Hew Strachan is the Chichele Professor of the History of War and a fellow of All Souls College, Oxford University. Strachan is the editor of The Oxford History of the First World War, which would lead to this three-volume history of the First World War. Strachan did not focus on covering the war in its worldwide aspect; therefore, we lose an in-depth character assessment of major figures. What he wrote is an effective framework of interpretation for hanging a lot of facts and factions and sites of conflict.
In the first chapter, Strachan starts off in Austria-Hungary. Focusing on the most important person in World War I in my opinion, Archduke Franz Ferdinand. The author starts off on June 14, 1914, in Konopischt, the hunting lodge of the Archduke. Strachan goes into detail and adds so much more information than I could have ever imagined. Strachan starts the book off with Archduke Franz Ferdinand because his assassination is what started the war between Austria-Hungary and Serbia and would lead to the first world war.
Strachan continues through the book talking about the events that took place through World War I. He continues after Ferdinand’s death with the war between Austria-Hungary and Serbia on July 28, 1914. Followed by this was Germany invading Luxemburg and Belgium dating August 2, 1914 through August 7, 1914. As Germany was invading Luxemburg and Belgium, France invaded Alsace, and British forces arrived in France. As the events played out, more and more countries were getting brought into the war. On August 10, 1914, Austria-Hungary invaded Russia.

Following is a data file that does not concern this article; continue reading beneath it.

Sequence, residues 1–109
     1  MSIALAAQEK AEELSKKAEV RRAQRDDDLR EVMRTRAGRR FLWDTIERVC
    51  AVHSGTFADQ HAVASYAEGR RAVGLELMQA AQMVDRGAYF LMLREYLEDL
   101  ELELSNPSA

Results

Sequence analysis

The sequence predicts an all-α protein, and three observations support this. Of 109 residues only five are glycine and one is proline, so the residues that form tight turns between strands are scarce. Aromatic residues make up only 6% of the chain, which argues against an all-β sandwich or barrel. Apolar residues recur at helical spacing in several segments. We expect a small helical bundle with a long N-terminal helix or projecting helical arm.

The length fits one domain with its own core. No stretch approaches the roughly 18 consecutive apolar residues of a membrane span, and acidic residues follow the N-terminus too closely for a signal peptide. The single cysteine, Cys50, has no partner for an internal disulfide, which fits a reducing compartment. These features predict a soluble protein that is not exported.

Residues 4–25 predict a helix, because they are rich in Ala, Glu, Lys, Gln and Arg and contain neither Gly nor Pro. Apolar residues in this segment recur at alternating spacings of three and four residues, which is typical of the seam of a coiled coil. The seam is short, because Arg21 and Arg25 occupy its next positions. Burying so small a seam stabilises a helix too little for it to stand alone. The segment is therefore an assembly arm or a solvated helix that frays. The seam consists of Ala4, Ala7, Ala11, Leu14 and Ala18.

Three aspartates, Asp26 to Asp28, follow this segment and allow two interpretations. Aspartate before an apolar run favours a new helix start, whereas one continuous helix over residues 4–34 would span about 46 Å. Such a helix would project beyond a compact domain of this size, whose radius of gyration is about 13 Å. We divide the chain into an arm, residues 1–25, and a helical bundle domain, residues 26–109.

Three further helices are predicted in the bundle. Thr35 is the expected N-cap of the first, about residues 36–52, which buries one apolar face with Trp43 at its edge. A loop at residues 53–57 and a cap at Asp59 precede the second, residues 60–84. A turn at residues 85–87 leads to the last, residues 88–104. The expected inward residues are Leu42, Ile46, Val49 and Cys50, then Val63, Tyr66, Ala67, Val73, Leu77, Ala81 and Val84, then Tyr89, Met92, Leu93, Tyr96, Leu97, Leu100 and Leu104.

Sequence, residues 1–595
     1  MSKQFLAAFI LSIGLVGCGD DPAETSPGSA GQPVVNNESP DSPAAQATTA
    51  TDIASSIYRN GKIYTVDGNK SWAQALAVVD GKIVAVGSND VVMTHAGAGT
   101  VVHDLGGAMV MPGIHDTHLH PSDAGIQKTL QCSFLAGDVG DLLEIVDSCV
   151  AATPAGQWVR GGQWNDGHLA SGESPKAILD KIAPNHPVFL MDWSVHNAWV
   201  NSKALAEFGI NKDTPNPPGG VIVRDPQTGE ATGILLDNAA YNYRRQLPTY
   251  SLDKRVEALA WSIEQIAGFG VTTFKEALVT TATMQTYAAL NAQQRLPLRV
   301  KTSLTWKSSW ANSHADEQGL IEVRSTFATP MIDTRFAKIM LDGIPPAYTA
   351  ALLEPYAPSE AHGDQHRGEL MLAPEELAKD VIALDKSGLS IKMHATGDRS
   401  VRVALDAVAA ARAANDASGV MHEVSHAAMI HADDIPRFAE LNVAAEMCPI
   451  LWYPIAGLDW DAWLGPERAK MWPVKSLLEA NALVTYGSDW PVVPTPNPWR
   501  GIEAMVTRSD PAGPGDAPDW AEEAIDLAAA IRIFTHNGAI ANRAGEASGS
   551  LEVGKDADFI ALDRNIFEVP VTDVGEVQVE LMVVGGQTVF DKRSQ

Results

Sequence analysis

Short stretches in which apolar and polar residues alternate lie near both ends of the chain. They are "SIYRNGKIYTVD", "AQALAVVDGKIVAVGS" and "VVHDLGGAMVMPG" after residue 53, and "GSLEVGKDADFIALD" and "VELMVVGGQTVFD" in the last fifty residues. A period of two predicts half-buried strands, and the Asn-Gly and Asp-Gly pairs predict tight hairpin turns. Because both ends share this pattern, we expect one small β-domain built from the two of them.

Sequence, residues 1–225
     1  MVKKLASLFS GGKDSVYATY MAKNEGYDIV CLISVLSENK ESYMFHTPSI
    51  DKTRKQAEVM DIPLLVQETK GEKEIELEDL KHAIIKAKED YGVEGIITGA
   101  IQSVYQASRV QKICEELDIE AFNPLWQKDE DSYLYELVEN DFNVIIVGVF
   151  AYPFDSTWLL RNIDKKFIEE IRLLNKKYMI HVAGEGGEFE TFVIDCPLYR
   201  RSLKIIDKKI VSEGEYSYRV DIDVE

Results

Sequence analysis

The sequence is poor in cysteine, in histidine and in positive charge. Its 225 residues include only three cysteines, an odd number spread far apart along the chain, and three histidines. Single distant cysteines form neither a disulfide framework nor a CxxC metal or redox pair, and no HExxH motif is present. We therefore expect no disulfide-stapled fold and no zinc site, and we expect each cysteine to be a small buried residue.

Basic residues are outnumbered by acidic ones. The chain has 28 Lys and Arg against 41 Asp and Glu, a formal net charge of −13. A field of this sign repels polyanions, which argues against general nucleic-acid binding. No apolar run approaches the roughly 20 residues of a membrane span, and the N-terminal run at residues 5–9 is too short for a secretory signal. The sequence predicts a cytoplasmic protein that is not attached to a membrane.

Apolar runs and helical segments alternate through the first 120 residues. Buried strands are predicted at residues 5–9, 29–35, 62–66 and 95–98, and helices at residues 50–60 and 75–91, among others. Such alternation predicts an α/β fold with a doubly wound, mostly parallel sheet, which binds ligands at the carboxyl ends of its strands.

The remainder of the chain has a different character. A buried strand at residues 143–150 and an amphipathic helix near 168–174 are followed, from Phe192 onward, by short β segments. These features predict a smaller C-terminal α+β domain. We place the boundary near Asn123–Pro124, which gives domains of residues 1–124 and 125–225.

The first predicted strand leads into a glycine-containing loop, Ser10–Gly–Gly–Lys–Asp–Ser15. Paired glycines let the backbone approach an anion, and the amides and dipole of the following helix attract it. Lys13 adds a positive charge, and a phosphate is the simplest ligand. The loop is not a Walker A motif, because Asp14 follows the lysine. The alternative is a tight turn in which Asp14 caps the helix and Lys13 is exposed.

Strachan continues the book by writing about the events playing out not only from a historical point of view but in a way that illustrates the war to the reader. He continues the book by writing about the naval blockades Germany enforced on Great Britain. On May 7, 1915, a German submarine would sink the passenger liner Lusitania which killed 128 Americans. This would eventually bring the United States into World War I.
Towards the end of the book, Strachan writes about Germany’s last gamble in the war. Germany would launch a massive attack on the Western Front. Eventually, on November 11, 1918, Germany would sign an armistice agreement with the Allies. Covered in the last chapter of Strachan’s book, the armistice and the Treaty of Versailles were signed to end the “War of all Wars”, but would Germany keep its promise and respect the armistice? Just by knowing U.S. history, I know why the last chapter is titled “War Without End”. Just wait until 1939.
To give an overall summary of Strachan’s “The First World War” from a different point of view would be to say that the book was written phenomenally in a complex way. Strachan’s book gives every piece of detail in the events of World War I and makes it enjoyable to read. Strachan gives so much detail about the events of World War I that it paints a picture in the reader’s mind, almost as if they can see it happening. I would highly recommend any person or scholar to read and study this phenomenal book.